In the very least, it’s difficult to draw hard conclusions as to ARA’s bodybuilding benefits when the two main studies contradict one another.
What About Side Effects?
The dose of ARA involved in the study is far above the RDA from dietary intake alone. Whether this has deleterious effects is up for scientific debate. However, long term use could have some feedback side effects that are undesirable.
Arachidonic Acid is tightly associated with an inflammatory response. In our first article, we highlighted the fact that inflammation is essential for muscle recovery, but may also be negative when outside its normal parameters.
The long term effects of such chronic inflammation have not been studied extensively, and so it remains to be seen – perhaps through user experience – as to whether it is cause for concern.
One concern with any product which encourages inflammation is its effect on certain cancers prone to worsening through such activity. Again there is no firm basis for this concern as of yet but it is unwise to use a supplement of this type if you are suffering from prostate cancer, or any other similar type.
The jury is still out as to the impact on cognitive decline or improvement. ARA may possibly increase markers for Alzheimer’s, but also, paradoxically, improve cognitive function in elderly people.
In this case it might be the dosage which ends up being the critical factor, however, studies are only beginning to increase awareness of what the dosage limits might be.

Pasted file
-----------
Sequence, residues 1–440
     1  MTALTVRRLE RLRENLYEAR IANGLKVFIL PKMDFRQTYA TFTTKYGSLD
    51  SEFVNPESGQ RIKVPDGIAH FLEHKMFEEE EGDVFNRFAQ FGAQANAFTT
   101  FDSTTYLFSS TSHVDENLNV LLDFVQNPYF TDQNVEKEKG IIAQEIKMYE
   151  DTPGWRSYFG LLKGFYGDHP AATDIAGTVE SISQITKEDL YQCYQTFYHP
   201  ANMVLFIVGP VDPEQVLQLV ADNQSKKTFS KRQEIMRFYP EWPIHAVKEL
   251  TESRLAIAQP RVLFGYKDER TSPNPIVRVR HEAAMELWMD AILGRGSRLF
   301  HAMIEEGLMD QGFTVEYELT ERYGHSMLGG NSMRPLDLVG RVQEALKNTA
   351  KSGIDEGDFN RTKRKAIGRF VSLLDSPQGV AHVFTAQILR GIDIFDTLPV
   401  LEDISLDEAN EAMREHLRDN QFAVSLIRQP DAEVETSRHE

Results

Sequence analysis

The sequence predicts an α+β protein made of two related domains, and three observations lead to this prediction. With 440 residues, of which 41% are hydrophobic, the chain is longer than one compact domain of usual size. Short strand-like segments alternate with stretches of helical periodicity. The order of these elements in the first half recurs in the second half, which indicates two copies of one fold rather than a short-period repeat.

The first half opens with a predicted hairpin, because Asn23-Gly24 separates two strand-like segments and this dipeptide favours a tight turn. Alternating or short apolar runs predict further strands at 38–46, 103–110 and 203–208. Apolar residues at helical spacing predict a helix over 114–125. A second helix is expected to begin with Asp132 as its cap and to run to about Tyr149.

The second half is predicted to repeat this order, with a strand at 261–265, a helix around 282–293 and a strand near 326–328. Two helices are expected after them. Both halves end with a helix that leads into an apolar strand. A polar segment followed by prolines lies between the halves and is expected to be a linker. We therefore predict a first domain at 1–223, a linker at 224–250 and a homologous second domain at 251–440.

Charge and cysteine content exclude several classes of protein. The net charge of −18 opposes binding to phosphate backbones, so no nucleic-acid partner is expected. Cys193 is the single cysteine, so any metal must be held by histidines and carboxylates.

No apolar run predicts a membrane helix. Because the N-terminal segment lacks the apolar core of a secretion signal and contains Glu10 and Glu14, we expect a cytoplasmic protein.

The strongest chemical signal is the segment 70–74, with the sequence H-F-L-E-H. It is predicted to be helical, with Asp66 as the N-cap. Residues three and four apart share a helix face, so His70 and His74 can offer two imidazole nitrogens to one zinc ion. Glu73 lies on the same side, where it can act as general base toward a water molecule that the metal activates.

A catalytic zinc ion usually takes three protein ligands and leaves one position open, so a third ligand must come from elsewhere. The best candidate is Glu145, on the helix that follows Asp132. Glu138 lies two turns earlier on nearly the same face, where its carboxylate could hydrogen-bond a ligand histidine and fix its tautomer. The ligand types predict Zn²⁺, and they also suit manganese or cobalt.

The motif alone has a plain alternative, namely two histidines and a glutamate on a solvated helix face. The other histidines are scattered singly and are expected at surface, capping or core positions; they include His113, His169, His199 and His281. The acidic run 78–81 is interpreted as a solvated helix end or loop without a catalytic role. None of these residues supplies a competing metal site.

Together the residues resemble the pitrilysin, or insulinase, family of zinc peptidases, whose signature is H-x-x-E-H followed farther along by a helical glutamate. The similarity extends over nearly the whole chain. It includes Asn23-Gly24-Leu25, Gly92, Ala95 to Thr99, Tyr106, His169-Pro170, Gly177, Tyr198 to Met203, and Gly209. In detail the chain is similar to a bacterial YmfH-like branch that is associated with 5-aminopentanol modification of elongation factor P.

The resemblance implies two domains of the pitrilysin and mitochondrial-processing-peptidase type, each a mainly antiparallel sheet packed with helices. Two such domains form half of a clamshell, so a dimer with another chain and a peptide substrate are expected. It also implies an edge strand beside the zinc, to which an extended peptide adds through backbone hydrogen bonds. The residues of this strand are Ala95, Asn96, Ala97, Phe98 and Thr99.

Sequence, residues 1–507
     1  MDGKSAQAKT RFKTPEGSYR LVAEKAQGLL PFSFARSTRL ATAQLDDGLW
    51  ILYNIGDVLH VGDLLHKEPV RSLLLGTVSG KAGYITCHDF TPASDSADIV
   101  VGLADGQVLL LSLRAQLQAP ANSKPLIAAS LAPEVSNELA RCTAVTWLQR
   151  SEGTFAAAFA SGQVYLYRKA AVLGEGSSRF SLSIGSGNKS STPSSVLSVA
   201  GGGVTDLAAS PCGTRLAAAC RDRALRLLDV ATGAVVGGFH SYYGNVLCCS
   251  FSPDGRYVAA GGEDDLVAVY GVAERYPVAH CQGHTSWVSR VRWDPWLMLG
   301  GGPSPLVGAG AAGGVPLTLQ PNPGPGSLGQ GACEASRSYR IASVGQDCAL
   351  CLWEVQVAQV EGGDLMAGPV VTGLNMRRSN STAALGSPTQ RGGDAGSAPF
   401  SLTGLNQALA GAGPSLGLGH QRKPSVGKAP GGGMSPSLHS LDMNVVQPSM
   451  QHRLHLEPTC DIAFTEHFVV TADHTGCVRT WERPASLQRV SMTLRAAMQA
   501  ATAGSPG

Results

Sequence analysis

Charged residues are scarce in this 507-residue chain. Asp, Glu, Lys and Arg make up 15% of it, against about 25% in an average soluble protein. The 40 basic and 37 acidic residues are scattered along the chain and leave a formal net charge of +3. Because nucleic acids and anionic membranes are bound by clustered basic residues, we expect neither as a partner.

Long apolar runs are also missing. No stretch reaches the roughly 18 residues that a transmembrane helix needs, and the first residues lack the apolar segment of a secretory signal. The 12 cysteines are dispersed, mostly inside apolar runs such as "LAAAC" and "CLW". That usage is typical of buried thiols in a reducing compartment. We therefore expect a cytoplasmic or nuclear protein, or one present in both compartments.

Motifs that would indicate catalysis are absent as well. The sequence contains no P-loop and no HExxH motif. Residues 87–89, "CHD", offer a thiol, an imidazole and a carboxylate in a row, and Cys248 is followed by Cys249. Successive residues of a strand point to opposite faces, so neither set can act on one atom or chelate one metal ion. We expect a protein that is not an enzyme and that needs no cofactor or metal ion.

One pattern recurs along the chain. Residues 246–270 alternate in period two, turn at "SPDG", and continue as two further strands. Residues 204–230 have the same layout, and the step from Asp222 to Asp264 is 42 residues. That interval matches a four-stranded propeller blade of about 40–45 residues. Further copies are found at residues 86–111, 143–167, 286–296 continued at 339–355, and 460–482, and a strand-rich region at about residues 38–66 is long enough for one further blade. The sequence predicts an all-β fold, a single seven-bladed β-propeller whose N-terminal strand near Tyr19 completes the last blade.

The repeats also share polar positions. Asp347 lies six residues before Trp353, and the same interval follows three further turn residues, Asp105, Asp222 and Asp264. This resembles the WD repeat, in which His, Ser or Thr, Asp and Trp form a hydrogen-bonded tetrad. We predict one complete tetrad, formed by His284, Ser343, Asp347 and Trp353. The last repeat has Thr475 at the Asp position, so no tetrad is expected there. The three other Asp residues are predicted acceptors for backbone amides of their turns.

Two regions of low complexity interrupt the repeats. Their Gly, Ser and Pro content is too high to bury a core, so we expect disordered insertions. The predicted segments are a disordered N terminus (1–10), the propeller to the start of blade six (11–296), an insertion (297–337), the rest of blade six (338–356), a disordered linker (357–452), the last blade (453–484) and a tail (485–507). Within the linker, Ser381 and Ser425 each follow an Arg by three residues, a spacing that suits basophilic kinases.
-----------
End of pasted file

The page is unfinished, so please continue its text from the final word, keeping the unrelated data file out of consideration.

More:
Arachidonic Acid in Conclusion
Recent research has demonstrated that ARA promotes inflammation, which provides benefits to muscle strength, power and size.
Somewhat in contrast to other studies, the most recent one may have shown more accurately what type of dosage and training regime may be required to get the most from the supplement.
Caution is advised, however, as both research and anecdotal data are in their early days. The supplement industry is largely unregulated and by no means do a couple of well performed clinical trials imply chronic use is totally without risk.
The effects of long term use have not been qualified or quantified and so anyone looking to use ARA as a bodybuilding supplement is advised to approach it in much the same manner as many of the other ‘unknowns’ in the industry: on a cycle by cycle basis.